Did you hear that former Congressman Mark Foley is writing a book? Yep. It's supposed to be a real page-turner.
I know you've heard better jokes, but what you haven't heard is anyone taking responsibility for covering up the fact that Foley stalked teenaged House pages for years. Who knew about this outrage and when they knew it is going come out soon. (And some of those involved will also likely have to "come out.") The Republicans are frantically practicing damage control, hoping their house of cards can remain standing through November 7th. The Democrats are happily watching them squirm -- and hoping the other Gucci doesn't drop.
Columnist David Corn wrote last week about a "list" circulating among journalists and others in Washington. It names dozens of gay GOP staffers -- three of whom reportedly work for House speaker Dennis Hastert. Kirk Fordham, Foley's former chief of staff, who is gay, says he told Hastert's chief of staff, Scott Palmer, about the Foley problem three years ago. Fordham later served as chief of staff for Congressman Tom Reynolds, head of the National Republican Congressional Committee. If you think those two never discussed Foley's problem, I've got a bridge in San Francisco for sale. With the FBI now investigating, the lid isn't going to stay on this pot much longer.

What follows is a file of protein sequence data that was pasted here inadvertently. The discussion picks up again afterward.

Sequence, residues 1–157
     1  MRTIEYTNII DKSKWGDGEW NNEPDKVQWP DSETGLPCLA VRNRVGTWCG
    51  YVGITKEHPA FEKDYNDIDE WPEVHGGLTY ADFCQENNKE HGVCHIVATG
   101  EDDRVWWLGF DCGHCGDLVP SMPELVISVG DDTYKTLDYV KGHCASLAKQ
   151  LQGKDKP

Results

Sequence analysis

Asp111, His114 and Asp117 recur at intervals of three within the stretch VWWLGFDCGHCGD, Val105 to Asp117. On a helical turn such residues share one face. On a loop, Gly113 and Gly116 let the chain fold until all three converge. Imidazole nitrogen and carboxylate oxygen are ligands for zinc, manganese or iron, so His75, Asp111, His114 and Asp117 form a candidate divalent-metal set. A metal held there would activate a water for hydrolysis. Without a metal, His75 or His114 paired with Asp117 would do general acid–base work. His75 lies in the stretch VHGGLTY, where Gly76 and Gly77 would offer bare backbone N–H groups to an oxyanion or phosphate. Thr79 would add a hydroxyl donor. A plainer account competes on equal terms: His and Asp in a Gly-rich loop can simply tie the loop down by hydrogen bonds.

Though their number is shrinking, thankfully, many Americans are still phobic about homosexuality. Knowing that, Republicans shamelessly milked fundamentalist Christians for millions of dollars to help promote anti-gay-marriage initiatives and other "family values." When these folks finally get a clue about all the Gay Old Partiers in power (coughkenmehlmancough), they're going to be steamed. They've been suckered, cynically used as God-fearin' ATMs by a party that openly accepted gays in the halls of power while it demonized them in public for votes and cash. The fear for the Republicans now is that the fundamentalists will hate being played for chumps worse than they hate the "gay agenda" -- and quit voting for the GOP.
And what about Hastert (aka "the Capitol Rotunda")? After taking "responsibility" for the problem, he's staying out of sight in his apartment -- the one he shares with his chief of staff, Scott Palmer. Oh boy. Stay tuned.
Bruce VanWyngarden, Editor
The lady doth protest too much, methinks. — William Shakespeare
Is there such a thing as "bad activism"? I'm asking because I'm seeing a lot of criticism of the folks who are protesting the Memphis Zoo's encroachment onto the Greensward at Overton Park.
(such a sky and such a sun
i never knew and neither did you
and everybody never breathed
quite so many kinds of yes) — e. e. cummings